In all the planning and prep work, in all the manifestations we are setting out into the world, I took out this poem again, just to remind myself that sometimes, it is okay to be demanding as we manifest our dreams:

Throw away all your begging bowls at

God’s door,

for I have heard the Beloved prefers

sweet, threatening shouts, something

on the order of, “Hey, Beloved, my soul

is a raging volcano of love for you!

You better start kissing me–or else!”


Grasp Your One Necessity


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“I think it would be well, and proper, and pure, to grasp your one necessity and not let it go, to dangle from it limp wherever it takes you.”

~Annie Dillard

Hunger Mountain Summit, October 2014

Hunger Mountain Summit, October 2014



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It’s been snowing for days, flakes sifting down from the sky.  The shoveled pathway to the yurt has become a chute with snow-walls up past my knees, and yesterday as I hauled two buckets of water up in the sled, one foot left the narrow packed-down trail and I sunk in to my thigh.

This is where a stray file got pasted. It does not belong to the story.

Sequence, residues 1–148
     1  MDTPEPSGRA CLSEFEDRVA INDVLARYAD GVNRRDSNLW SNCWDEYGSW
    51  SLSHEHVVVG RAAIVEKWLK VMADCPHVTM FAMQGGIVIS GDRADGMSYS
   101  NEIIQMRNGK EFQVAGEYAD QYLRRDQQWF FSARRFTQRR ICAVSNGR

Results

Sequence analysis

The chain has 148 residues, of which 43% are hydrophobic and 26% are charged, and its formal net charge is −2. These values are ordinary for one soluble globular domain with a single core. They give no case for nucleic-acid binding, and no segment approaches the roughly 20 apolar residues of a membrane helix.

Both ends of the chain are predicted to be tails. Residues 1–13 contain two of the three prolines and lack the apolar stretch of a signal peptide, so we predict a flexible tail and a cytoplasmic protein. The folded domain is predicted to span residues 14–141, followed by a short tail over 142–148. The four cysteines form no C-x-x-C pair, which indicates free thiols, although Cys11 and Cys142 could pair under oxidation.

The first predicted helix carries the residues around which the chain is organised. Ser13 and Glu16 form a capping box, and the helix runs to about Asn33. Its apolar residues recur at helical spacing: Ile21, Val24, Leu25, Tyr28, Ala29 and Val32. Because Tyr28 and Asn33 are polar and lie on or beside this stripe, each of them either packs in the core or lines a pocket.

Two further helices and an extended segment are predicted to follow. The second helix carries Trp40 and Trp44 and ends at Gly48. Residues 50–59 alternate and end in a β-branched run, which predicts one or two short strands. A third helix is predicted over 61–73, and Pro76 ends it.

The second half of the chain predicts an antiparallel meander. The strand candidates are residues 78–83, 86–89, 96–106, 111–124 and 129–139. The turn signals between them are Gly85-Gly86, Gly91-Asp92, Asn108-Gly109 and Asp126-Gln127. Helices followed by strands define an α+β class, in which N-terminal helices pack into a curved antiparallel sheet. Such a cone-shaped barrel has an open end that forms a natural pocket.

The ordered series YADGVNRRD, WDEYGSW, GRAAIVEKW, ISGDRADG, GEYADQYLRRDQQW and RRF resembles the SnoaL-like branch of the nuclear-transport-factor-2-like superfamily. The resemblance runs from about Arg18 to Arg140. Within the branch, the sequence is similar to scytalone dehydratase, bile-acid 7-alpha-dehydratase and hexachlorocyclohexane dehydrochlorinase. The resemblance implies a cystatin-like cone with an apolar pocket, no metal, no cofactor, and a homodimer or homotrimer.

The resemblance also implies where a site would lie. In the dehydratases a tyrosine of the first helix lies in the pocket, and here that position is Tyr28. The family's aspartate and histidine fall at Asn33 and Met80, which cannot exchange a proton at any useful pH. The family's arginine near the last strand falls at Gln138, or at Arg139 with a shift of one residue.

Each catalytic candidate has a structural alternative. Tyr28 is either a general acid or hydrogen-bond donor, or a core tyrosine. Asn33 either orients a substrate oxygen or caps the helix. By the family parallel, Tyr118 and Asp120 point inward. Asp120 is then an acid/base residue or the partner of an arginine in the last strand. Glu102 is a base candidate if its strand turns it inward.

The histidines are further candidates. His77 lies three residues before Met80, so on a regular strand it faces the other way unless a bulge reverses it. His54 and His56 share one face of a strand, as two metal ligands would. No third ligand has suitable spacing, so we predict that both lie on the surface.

It piles up around our little round home, and as the wood stove warms the snow on the roof, it slides and slumps off, growing the pile half-way up the outer walls, and we are thankful for the extra insulation it provides on all the cold nights that dip down below 0–all this snow makes it a cozy winter for yurt-dwellers.

fence line in snow

At this time last year I was stir-crazy, ready for a reprieve along the New Jersey shoreline, but now, I’m happy for the cold and snow.  Happy to stand in the forest and hear the swoosh of snow as hemlock boughs loosen their load.  Happy to look up just at that moment and see the flakes sifting to the ground.  Happy for the split second of weightlessness with each step before my snowshoes compress the lofty top layer of snow.

Happy, too, for the breaks of sun that open up the landscape, warming our faces as our breath puffs out into the cold air.

Beauty as well as Bread


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“Everybody needs beauty as well as bread, places to play in and pray in, where nature may heal and give strength to body and soul alike.” 

-John Muir, The Yosemite